East End Memories


Cockneys have the reputation of being happy-go-lucky, flamboyant and jocular characters; a people of simple needs and an even simpler philosophy of life who talk in rhyme and wear their hearts of gold proudly on their sleeves. They are sometimes thought as dressing in the sequin-decorated finery of pearly kings and queens, feasting on jellied eels and pies ‘n’ mash and being ever-ready for a knees up. However the events of World War II proved that cockneys were more than just friendly figures of fun. The war brought out their bull dogged tenacity and strength and allowed them to resist the might of Hitler and his mates

Tenacious, sentimental, a colourful vocabulary - but who is a cockney? I used to think that this could easily be defined. To me it meant anyone being born within the sound of Bow Bells. Now that sounds simple, doesn’t it? Being born within the sound of the bells of the church of St. Mary-le-Bow in the City of London makes you a cockney – and Bob’s ya uncle – there you have it! But like many things in this life, it is not as simple as that.

St. Mary-le-Bow Church
St. Mary-le-Bow Church

According to the authorities, cockney has both geographical and linguistic associations. Who knew that? Today, being cockney means an association with working class Londoners and in particular those of the East End. And Linguistically, it refers to their spoken English. So now we know!

In 1600 Samuel Rowlands used the word in The Letting of Humours Blood in the Head-Vaine and Fynes Moryson said that all within the sound of Bow Bells are in reproach called cockneys. However, the first recorded use of the word appeared in 1362 where it meant a small misshapen egg. To Chaucer, a cockney was a tenderly raised child – an effeminate fellow or milksop. Now that definition would not go down well in the pubs of the East End: punch-ups would ensue and hooters would get bashed! By the 16th Century, the word was used to insult effeminate town-dwellers and male prostitutes. I can only imagine the response that this would bring out of Phil Mitchell! But it was John Minshew who in 1617 was the first to ascribe the term to those citizens born within the sound of Bow bells. Apparently, this was meant to include anyone born in the City of London – but then, this was a square mile plus the odd acre or two about the river.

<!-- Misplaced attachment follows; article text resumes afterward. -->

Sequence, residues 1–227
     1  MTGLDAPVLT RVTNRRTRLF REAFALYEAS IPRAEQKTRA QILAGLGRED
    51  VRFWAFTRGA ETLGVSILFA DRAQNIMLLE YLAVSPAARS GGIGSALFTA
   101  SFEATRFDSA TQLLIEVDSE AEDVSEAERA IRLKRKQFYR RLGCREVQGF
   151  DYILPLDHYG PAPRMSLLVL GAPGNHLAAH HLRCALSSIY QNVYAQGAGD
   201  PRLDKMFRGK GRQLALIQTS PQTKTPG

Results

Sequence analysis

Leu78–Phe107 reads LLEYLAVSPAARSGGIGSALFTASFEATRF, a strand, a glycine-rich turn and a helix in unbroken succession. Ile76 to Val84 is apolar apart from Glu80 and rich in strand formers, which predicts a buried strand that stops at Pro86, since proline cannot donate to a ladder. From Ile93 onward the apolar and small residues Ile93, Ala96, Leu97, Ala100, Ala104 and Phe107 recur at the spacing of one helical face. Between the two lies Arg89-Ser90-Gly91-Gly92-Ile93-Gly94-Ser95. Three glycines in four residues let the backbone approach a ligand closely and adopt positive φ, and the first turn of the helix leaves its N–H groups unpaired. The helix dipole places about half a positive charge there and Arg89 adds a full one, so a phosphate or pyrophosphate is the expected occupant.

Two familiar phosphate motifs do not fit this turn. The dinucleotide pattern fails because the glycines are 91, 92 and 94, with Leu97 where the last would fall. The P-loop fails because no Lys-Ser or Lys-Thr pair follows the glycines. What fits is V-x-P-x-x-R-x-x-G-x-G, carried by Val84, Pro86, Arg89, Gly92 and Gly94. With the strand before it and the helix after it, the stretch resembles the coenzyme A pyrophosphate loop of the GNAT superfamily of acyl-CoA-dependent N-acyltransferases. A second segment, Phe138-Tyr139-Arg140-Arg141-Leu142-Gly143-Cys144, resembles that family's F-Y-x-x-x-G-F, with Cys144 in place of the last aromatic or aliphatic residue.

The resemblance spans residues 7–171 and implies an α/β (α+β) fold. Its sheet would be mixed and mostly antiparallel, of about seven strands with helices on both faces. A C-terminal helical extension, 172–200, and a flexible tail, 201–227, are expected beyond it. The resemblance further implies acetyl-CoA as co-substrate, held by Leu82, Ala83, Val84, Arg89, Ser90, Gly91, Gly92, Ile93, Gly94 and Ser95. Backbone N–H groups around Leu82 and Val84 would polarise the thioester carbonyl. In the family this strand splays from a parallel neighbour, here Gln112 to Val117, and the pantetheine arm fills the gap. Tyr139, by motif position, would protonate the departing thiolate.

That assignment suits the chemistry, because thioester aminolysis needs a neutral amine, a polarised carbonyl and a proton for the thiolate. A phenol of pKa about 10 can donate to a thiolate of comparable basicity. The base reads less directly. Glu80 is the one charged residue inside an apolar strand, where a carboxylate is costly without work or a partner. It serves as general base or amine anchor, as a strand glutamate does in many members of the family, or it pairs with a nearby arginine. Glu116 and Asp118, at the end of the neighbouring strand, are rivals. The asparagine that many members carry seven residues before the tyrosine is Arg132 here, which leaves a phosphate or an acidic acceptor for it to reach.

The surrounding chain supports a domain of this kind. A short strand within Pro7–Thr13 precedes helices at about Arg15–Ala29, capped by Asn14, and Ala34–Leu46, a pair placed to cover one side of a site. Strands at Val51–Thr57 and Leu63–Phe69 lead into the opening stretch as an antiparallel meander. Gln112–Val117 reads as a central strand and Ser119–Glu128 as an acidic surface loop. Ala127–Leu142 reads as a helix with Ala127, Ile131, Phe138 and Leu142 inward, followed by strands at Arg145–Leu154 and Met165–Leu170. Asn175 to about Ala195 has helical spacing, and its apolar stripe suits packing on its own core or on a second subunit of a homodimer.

The area where Bow Bells may be heard has been the subject of much debate and studies were undertaken to determine their ringing range. Despite this, the area where they may be heard has become associated with the East End of London. Some writers believe this to be as a result of the misconception that the bells in question are in the East End region of Bow and not those of the church of St. Mary-le-Bow. The areas of the East End considered to be within bell-hearing range are Bethnal Green, Whitechapel, Spitalfields, Stepney, Hackney, Hoxton, Shoreditch, Bow, Mile End, Polar, Wapping, Limehouse and Millwall. Some authorities include the south London area of Bermondsey in this list.

The Cockney dialect is colourful and has a charm associated with it that is perhaps absent in the more formal language. It is musical and has a sense of fun about it. It has migrated across London and out into other counties and is now heard throughout the country and around the world. Despite this, in Britain the accent and the dialect were thought of as of the lower classes with many members of society turning their noses up when hearing it. In 1909, the London County Council dismissed it, saying with its unpleasant twang, it is a modern corruption without legitimate credentials, and is unworthy of being the speech of any person in the capital city of the Empire. Well, the Empire is now a thing of the past, but the dialect continues to flourish. Others at that time defended the cockney way of speaking, with its colourful turn of phrases and rhyming slang, and even sought to legitimize it. But over the years, the dialect has become more acceptable to the average British ear, and in 2008, it apparently was voted equal fourth coolest accent in Britain. Now, I can rest easy! Once unheard on British radio and television, the cockney dialect is now heard and apparently no longer induces the vapours in its listeners.